Matapuna railway station facts for kids
Quick facts for kids
Matapuna in 1909.
The cottage is probably the bridge-keeper's
|Elevation||180 m (590 ft)|
|Line(s)||North Island Main Trunk|
|Distance||Wellington 394.8 km (245.3 mi)|
|Opened||22 June 1903|
|Closed||31 March 1987|
|Designated:||27 March 2009 (bridge)|
Matapuna had several sidings on the North Island Main Trunk line, in the Ruapehu District of New Zealand, serving the east Taumarunui suburb on the north bank of the Whanganui River. It was 2.9 km (1.8 mi) north west of Manunui and 2.95 km (1.83 mi) east of Taumarunui. Work was largely complete by May 1903, and freight was handled from 22 June 1903. A fixed signal was placed at the station and a distant at the bridge in 1917 and the ballast pit siding was interlocked by tablet in 1918. A racecourse opened to the south of the bridge in 1916 and some trains served the course on race days, though no platform appears on aerial photos and only the ballast pit was mapped.
Before the railway came, a Ngāti Hauā kāinga was on the south side of the river, which could be forded, except when in flood.
Matapuna Bridge, to the south east of the station, takes the NIMT over the Whanganui River. It has three 122 ft (37 m) steel through trusses, plus a 40 ft (12 m) steel girder at each end, totalling 470 ft (140 m) long. It was built from March 1903 to January 1904 by Scott Bros. Ltd. Peter Seton Hay, Engineer-in-Chief of the Public Works Department, was probably the designer. The bridge was repaired and strengthened in 1916, 1938, 1956, 1965, 1967 and 2006. The 1903 central cast iron cylinder piers, cutwaters, timber cross-bracings and boxing remain, though most other parts have been replaced. From 1905 to May 1962 it was a road rail bridge, with traffic controlled by bridge-keepers. The road was 11 ft (3.4 m) wide. Road use ended when a concrete bridge opened on SH4. It is now Bridge 197, 750 m (2,460 ft) south of the station site.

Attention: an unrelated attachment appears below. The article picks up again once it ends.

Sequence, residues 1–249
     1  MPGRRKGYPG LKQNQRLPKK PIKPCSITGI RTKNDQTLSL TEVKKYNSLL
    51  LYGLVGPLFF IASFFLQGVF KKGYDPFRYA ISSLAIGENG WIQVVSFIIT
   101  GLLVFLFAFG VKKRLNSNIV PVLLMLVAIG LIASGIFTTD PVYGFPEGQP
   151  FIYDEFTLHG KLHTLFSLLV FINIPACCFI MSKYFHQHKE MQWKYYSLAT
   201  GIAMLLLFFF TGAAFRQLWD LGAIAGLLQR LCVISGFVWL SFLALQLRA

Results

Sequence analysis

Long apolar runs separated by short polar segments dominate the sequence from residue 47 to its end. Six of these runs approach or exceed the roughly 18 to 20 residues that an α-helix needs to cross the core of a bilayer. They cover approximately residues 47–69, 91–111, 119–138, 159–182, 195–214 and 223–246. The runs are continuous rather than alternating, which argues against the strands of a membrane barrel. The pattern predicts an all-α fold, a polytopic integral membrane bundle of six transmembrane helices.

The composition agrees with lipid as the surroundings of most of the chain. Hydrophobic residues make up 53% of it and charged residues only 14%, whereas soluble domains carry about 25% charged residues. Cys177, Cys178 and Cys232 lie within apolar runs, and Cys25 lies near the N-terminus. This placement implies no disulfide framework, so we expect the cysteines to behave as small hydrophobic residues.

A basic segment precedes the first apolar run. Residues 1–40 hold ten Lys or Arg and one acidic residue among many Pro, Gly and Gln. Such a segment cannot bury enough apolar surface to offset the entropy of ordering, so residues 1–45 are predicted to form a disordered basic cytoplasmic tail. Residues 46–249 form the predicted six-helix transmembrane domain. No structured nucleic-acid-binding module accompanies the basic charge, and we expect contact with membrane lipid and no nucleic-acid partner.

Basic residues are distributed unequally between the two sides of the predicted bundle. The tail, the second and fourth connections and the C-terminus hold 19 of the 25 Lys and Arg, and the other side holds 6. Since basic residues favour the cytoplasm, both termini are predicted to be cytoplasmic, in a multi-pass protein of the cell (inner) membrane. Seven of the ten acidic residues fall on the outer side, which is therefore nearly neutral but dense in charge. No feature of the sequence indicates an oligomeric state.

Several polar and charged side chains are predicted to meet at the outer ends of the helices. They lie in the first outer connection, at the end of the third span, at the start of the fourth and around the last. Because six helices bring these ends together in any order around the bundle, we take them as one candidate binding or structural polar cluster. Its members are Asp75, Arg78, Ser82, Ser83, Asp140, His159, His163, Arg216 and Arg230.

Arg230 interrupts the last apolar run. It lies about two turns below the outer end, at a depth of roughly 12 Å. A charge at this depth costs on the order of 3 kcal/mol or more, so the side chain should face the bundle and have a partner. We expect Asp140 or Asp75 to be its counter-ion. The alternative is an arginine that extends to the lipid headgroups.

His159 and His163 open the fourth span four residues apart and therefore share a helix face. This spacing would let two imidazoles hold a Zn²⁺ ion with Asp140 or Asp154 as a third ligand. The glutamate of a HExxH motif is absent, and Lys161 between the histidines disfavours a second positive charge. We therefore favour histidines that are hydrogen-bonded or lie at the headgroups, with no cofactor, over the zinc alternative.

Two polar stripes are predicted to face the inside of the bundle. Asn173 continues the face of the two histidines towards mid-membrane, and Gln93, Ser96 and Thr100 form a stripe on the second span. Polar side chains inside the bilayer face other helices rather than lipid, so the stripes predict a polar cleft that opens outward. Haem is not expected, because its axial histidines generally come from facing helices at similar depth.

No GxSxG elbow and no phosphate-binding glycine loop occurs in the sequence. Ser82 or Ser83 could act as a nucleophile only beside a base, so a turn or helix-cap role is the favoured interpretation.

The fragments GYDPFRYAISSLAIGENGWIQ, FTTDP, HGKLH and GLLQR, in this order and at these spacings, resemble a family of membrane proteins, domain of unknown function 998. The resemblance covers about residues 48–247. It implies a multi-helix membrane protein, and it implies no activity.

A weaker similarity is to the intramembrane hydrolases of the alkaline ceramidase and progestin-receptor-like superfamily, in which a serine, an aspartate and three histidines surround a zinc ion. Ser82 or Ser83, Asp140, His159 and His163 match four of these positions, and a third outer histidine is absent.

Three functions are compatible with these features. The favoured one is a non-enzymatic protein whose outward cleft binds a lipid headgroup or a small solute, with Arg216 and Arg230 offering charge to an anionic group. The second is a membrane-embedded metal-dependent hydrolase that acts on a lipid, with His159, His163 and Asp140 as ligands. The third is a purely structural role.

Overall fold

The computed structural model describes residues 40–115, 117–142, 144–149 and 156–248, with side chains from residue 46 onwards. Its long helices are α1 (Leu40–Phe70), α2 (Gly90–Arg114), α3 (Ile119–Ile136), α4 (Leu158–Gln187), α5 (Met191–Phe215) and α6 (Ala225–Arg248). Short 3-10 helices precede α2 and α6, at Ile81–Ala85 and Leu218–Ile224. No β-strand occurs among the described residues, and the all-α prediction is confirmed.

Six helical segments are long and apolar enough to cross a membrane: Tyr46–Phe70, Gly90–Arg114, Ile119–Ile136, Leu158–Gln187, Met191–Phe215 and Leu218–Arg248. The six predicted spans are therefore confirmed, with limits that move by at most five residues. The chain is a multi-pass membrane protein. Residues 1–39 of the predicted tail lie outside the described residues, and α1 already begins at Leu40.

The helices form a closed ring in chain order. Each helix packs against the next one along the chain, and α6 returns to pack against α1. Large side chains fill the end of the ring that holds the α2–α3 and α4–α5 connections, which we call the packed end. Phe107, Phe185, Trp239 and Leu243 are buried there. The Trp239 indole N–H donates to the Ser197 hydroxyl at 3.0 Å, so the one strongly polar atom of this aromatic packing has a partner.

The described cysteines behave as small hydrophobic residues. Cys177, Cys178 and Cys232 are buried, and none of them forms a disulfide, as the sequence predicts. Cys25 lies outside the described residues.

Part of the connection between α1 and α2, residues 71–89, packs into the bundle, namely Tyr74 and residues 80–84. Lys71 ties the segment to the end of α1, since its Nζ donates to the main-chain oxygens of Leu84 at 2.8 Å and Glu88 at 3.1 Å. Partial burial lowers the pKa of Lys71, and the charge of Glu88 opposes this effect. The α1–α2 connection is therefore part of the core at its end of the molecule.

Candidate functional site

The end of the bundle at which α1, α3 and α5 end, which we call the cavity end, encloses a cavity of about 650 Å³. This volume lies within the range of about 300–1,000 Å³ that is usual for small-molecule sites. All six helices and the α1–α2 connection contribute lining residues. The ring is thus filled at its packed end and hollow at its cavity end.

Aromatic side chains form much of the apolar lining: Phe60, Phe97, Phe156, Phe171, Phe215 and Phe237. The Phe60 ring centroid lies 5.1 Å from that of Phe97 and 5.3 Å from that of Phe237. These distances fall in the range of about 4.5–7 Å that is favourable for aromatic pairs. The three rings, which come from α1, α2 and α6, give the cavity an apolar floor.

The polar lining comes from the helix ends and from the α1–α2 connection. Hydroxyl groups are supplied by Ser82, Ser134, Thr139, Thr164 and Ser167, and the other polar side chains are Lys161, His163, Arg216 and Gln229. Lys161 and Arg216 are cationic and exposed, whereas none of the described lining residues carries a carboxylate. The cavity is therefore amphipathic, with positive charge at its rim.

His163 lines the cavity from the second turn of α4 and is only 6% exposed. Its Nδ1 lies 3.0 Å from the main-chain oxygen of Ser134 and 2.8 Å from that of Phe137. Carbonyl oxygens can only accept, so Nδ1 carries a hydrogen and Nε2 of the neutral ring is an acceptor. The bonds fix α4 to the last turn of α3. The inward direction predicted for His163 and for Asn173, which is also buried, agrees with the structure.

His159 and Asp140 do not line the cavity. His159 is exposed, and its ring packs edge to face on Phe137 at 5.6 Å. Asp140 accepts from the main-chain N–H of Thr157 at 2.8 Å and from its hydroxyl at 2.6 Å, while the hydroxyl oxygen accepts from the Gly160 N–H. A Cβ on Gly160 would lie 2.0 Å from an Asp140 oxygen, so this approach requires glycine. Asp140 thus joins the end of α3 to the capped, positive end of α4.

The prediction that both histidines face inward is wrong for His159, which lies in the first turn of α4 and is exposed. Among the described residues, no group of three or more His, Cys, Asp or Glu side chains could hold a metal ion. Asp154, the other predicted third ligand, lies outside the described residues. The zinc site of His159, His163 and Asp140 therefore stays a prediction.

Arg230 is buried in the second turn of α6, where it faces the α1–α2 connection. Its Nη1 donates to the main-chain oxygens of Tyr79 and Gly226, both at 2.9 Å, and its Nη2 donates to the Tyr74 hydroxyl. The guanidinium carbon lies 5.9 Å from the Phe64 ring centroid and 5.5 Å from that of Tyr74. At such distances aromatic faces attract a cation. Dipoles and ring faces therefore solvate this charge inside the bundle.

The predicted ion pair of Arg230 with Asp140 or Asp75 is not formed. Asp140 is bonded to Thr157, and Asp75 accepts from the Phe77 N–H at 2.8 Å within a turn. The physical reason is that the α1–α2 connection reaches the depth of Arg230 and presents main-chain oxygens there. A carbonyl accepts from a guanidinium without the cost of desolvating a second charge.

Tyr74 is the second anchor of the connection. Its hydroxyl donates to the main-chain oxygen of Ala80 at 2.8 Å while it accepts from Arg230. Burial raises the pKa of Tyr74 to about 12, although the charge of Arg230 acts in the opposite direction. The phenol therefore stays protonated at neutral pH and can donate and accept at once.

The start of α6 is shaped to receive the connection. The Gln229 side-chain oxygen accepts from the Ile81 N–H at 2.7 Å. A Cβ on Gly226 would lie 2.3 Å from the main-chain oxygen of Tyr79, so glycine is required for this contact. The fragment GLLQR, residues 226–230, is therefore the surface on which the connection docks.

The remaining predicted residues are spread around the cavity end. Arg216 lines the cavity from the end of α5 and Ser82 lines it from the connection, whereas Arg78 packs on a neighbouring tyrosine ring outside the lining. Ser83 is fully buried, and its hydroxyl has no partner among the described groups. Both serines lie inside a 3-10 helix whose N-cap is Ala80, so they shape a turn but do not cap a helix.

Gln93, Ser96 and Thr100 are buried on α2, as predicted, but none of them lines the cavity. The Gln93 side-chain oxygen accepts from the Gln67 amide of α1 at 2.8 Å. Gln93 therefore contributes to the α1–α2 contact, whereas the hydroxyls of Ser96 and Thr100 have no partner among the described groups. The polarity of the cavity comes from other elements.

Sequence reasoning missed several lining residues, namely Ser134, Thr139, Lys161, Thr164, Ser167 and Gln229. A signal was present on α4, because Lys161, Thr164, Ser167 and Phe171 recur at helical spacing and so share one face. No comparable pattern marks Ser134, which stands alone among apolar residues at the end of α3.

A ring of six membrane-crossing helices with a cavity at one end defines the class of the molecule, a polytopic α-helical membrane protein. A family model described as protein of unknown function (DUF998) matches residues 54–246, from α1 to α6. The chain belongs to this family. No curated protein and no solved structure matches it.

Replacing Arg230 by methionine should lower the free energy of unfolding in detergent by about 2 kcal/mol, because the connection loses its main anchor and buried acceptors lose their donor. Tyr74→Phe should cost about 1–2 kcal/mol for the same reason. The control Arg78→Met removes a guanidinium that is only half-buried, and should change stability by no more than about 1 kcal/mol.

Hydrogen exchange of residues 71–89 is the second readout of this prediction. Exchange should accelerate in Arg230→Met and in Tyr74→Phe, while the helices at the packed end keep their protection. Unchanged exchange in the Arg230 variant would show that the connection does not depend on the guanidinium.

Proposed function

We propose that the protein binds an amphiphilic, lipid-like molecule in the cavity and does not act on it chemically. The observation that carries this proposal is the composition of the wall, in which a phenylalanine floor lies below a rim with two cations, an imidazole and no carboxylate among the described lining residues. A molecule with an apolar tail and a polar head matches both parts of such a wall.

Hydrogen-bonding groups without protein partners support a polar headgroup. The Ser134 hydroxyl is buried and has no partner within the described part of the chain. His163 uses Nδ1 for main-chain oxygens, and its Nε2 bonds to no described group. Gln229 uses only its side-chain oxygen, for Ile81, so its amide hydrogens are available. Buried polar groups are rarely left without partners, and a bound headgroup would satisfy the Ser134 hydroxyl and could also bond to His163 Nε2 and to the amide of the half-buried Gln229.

Puketapu Sawmilling Co Ltd
Puketapu was recognised as a potential source of totara as early as 1903 and the company was advertising for bush cutting and construction of a 1.5 mi (2.4 km) tramway in 1905. The sawmill must have been operating by 1906, when they experimented with floating sawn timber down the river. Another sawmill was also operating nearby in 1906, which possibly the company had taken over by 1908, when the tramway extended for 5 mi (8.0 km). The company was in liquidation in 1909, but was taken over by Pukuweka Sawmills. The bush tramway was linked to the main line and had two locomotives in 1911. The last year the mill was recorded as using the railway siding was 1915.
Most of the original ballast for the central portion of the NIMT was extracted from the river at the ballast reserve, just north of the bridge, from 1903.
Matapuna railway station Facts for Kids. Kiddle Encyclopedia.